Why could this be useful? Dependant on the morphing algorithm you use, there may be a relationship between similarity of images, and some parameters of the morphing algorithm.

In a grossly over simplified example, one algorithm might execute faster when there are less changes to be made. We then know there is a higher probability that these two images share properties with each other.

This technique could work well for rotated, distorted, skewed, zoomed, all types of copied images. Again this is just an idea I have had, it's not based on any researched academia as far as I am aware (I haven't look hard though), so it may be a lot of work for you with limited/no results.

Zipping

Ow's answer in this question is excellent, I remember reading about these sort of techniques studying AI. It is quite effective at comparing corpus lexicons.

One interesting optimisation when comparing corpuses is that you can remove words considered to be too common, for example 'The', 'A', 'And' etc. These words dilute our result, we want to work out how different the two corpus are so these can be removed before processing. Perhaps there are similar common signals in images that could be stripped before compression? It might be worth looking into.

Compression ratio is a very quick and reasonably effective way of determining how similar two sets of data are. Reading up about how compression works will give you a good idea why this could be so effective. For a fast to release algorithm this would probably be a good starting point.

Transparency

Again I am unsure how transparency data is stored for certain image types, gif png etc, but this will be extractable and would serve as an effective simplified cut out to compare with your data sets transparency.

Inverting Signals

An image is just a signal. If you play a noise from a speaker, and you play the opposite noise in another speaker in perfect sync at the exact same volume, they cancel each other out.

alt text

Invert on of the images, and add it onto your other image. Scale it/loop positions repetitively until you find a resulting image where enough of the pixels are white (or black? I'll refer to it as a neutral canvas) to provide you with a positive match, or partial match.

However, consider two images that are equal, except one of them has a brighten effect applied to it:

alt text

Inverting one of them, then adding it to the other will not result in a neutral canvas which is what we are aiming for. However, when comparing the pixels from both original images, we can definatly see a clear relationship between the two.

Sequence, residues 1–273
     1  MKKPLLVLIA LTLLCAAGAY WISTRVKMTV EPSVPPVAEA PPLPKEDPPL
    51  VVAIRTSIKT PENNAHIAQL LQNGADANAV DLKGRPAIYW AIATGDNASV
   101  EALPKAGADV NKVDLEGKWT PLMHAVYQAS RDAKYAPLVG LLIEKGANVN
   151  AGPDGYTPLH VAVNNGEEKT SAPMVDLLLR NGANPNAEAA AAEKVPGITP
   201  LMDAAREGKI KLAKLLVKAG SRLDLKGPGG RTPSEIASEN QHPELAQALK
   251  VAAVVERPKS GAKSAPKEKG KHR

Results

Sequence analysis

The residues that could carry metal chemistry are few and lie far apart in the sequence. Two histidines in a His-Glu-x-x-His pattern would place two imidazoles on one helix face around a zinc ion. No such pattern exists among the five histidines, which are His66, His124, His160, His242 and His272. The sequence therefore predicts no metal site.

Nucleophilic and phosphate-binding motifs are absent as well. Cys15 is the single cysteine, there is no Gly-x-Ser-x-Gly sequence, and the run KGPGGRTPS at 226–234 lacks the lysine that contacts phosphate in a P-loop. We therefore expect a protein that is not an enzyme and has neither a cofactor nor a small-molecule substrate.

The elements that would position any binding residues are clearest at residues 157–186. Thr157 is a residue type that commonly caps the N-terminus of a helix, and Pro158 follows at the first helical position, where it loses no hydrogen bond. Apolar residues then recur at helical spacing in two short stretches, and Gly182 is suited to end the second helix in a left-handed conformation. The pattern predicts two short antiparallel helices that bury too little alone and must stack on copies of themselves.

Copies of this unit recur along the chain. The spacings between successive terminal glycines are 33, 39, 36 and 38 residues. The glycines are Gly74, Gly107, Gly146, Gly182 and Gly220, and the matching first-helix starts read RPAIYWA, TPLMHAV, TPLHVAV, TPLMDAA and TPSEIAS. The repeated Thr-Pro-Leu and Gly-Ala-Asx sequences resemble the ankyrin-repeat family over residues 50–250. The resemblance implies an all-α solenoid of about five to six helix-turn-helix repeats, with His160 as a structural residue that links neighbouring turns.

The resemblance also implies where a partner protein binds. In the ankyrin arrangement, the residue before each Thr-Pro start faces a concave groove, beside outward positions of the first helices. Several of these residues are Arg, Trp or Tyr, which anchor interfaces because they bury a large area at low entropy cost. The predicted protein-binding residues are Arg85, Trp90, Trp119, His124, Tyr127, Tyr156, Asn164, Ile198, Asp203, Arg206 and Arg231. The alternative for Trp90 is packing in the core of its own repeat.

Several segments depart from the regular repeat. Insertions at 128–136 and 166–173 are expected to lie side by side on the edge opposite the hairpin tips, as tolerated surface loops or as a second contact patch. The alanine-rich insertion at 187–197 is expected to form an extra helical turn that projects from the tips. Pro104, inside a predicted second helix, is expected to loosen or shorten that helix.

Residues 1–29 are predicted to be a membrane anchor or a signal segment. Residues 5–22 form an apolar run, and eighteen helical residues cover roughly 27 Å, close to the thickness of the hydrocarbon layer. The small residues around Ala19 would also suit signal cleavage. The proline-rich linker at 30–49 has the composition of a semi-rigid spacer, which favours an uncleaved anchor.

I haven't studied colour for some years now, and am unsure if the colour spectrum is on a linear scale, but if you determined the average factor of colour difference between both pictures, you can use this value to normalise the data before processing with this technique.

Tree Data structures

At first these don't seem to fit for the problem, but I think they could work.

You could think about extracting certain properties of an image (for example colour bins) and generate a huffman tree or similar data structure. You might be able to compare two trees for similarity. This wouldn't work well for photographic data for example with a large spectrum of colour, but cartoons or other reduced colour set images this might work.

This probably wouldn't work, but it's an idea. The trie datastructure is great at storing lexicons, for example a dictionarty. It's a prefix tree. Perhaps it's possible to build an image equivalent of a lexicon, (again I can only think of colours) to construct a trie. If you reduced say a 300x300 image into 5x5 squares, then decompose each 5x5 square into a sequence of colours you could construct a trie from the resulting data. If a 2x2 square contains:

FFFFFF|000000|FDFD44|FFFFFF

We have a fairly unique trie code that extends 24 levels, increasing/decreasing the levels (IE reducing/increasing the size of our sub square) may yield more accurate results.

Comparing trie trees should be reasonably easy, and could possible provide effective results.

More ideas

I stumbled accross an interesting paper breif about classification of satellite imagery, it outlines:

Texture measures considered are: cooccurrence matrices, gray-level differences, texture-tone analysis, features derived from the Fourier spectrum, and Gabor filters. Some Fourier features and some Gabor filters were found to be good choices, in particular when a single frequency band was used for classification.

It may be worth investigating those measurements in more detail, although some of them may not be relevant to your data set.

Other things to consider

There are probably a lot of papers on this sort of thing, so reading some of them should help although they can be very technical. It is an extremely difficult area in computing, with many fruitless hours of work spent by many people attempting to do similar things. Keeping it simple and building upon those ideas would be the best way to go. It should be a reasonably difficult challenge to create an algorithm with a better than random match rate, and to start improving on that really does start to get quite hard to achieve.

Each method would probably need to be tested and tweaked thoroughly, if you have any information about the type of picture you will be checking as well, this would be useful. For example advertisements, many of them would have text in them, so doing text recognition would be an easy and probably very reliable way of finding matches especially when combined with other solutions. As mentioned earlier, attempt to exploit common properties of your data set.